University Of California Staff to Get Merit Pay Raises

After no salary increases and some pay cuts for almost four years, University of California faculty and non-unionized employees will be eligible to receive merit raises this year, writes Heidi M. Agustin at

All faculty members and non-represented staff members who earn less than $200,00 will receive a three percent raise, under a one-year plan, UC officials announced on Wednesday, provided they receive a good performance review, reports the Los Angeles Times.

Around 78,000 employees will be eligible.

According to UC Berkeley News Center, that the ~400 members of staff ineligible for the raise include senior management who earn more than $200,000 annually, staff who joined the University after January 1, 2011 and staff who recently received pay adjustments as a result of promotions. Union workers will also be ineligible, as they have received regular pay increases.

In a letter released Wednesday, UC President Mark G. Yudof said he took the action out of concern over UC's ability to recruit and retain faculty, "who increasingly are being courted by competing institutions," writes Larry Gordon at the LA Times.

"Fairness dictates that we take this step," he wrote, noting that faculty and non-unionized staff took a one-year pay cuts in the 2009-10 school year. Officials say two-thirds of those staff members earn less than $80,000 a year. (Although some UC union contracts are under negotiation, many unionized workers received modest raises in recent years.)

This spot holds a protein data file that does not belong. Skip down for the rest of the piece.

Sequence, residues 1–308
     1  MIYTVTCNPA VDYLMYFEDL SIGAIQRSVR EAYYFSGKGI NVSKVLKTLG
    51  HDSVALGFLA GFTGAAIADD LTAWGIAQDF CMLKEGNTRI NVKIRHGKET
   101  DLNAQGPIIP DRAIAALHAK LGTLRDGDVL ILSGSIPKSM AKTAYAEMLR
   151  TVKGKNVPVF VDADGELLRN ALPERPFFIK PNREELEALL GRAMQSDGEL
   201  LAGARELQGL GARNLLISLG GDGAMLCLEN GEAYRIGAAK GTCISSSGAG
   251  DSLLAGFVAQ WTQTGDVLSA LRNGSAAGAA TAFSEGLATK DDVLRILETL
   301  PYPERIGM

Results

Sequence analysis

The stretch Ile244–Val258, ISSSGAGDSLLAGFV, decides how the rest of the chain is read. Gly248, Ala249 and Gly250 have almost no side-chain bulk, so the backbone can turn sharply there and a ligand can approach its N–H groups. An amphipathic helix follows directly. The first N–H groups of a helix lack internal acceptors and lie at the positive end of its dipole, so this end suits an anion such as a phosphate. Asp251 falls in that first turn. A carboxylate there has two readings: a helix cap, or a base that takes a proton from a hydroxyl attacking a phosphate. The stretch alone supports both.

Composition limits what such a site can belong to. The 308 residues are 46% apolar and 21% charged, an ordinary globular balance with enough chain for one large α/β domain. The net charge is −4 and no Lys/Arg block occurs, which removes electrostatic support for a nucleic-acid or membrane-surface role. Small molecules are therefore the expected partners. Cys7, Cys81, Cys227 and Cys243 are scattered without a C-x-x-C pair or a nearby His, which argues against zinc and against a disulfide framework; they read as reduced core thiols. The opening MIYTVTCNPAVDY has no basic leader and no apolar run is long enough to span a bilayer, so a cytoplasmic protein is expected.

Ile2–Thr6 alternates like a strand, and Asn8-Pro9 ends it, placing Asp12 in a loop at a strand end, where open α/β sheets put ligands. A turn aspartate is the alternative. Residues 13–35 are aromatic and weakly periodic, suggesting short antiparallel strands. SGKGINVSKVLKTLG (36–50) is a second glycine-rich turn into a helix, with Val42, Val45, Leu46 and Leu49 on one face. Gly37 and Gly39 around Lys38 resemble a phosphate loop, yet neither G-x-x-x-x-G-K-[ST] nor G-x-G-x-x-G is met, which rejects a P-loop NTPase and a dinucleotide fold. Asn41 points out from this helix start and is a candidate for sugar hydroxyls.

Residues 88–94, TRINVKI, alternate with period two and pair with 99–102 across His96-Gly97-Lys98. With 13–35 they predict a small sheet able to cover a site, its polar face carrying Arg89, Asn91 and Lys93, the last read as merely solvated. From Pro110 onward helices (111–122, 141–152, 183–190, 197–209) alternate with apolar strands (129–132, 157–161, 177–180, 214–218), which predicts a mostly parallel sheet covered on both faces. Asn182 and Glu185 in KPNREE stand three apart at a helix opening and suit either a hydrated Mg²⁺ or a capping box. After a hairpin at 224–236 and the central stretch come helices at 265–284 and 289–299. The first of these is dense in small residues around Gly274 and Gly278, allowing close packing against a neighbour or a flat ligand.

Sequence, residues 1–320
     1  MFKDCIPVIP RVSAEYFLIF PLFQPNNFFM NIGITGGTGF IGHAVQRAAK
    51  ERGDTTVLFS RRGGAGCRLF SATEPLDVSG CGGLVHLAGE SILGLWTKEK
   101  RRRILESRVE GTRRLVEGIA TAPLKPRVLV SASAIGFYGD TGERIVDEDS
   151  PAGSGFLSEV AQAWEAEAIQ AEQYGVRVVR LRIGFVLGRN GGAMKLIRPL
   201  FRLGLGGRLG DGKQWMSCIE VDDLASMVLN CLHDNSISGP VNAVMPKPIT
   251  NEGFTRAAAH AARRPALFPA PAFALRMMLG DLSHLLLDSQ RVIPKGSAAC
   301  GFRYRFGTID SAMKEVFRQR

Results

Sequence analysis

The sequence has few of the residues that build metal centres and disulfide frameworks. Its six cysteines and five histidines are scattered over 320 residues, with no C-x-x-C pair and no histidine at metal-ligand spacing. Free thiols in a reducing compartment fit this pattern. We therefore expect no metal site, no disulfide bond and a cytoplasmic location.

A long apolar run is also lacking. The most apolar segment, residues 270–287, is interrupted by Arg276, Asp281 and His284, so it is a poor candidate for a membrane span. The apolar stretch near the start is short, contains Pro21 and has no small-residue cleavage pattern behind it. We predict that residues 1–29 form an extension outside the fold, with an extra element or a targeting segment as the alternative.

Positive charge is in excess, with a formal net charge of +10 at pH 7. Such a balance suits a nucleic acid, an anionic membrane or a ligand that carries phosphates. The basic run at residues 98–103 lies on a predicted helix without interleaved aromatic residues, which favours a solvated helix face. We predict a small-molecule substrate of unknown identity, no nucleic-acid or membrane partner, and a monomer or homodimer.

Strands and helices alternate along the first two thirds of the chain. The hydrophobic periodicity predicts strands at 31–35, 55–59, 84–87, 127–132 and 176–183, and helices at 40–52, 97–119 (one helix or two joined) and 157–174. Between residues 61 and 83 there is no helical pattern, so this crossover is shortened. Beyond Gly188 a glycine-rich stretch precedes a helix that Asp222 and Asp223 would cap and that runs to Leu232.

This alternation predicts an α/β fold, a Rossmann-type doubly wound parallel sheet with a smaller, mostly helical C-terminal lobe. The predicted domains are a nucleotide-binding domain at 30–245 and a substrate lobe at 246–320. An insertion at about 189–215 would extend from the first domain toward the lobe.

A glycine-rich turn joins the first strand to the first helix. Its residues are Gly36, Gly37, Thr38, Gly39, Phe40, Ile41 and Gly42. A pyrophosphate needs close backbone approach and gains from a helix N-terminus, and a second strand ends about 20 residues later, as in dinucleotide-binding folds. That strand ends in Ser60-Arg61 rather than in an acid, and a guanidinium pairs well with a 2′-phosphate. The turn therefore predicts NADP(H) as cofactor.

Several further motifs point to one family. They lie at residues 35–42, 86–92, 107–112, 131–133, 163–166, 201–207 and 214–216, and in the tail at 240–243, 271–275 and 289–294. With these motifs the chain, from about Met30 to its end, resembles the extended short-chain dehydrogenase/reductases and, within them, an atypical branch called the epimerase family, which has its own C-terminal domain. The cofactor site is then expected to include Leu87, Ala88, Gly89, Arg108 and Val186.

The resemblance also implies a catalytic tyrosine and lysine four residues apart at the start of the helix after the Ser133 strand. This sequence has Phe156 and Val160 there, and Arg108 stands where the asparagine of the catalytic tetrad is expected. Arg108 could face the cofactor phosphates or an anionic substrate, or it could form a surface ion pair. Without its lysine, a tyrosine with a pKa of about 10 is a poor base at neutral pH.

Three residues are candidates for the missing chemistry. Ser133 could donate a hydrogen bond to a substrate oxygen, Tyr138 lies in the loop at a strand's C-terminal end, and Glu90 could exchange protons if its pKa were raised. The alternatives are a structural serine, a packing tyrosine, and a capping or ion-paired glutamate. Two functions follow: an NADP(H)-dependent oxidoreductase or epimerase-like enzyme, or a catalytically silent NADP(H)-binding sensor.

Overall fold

"As I have said on many occasions, University quality cannot be compromised, and our excellent professors and researchers are the fountainhead of that quality," wrote Yudof.

Yudof also wanted to show appreciation for staff members who worked longer hours during UC's financial crisis, which meant enduring frozen salaries and pay cuts. Though some employees earn close to $200,000, about two-thirds earn less than $80,000 a year, reported the Los Angeles Times.

UC spokesperson Steve Montiel said that state funds, student tuition, hospital revenue and research grants will pay for the $164 million that is required to cover pay increases–as well as extra costs for pensions and health benefits.

State Sen. Leland Yee (D-San Francisco), who has in the past criticized UC for its high salaries, praised Yudof for focusing on the University's lesser-paid employees rather than those already receiving high salaries.

Matthew Tabor

Matthew Tabor

Matthew is a prolific, independent voice in the national education debate. He is a tireless advocate for high academic standards from pre-K through graduate school, fiscal sense and personal responsibility. He values parents’ and families’ rights and believes in accountability for teachers, administrators, politicians and all taxpayer-funded education entities. With a unique background that includes work in higher education, executive recruiting, professional sport and government, Matthew has consulted on new media and communication strategies for a broad range of clients. He writes the blog “Education for the Aughts” at , has contributed to National Journal’s ‘Expert’ blog for Education , and interacts with the education community on Twitter and Google+.
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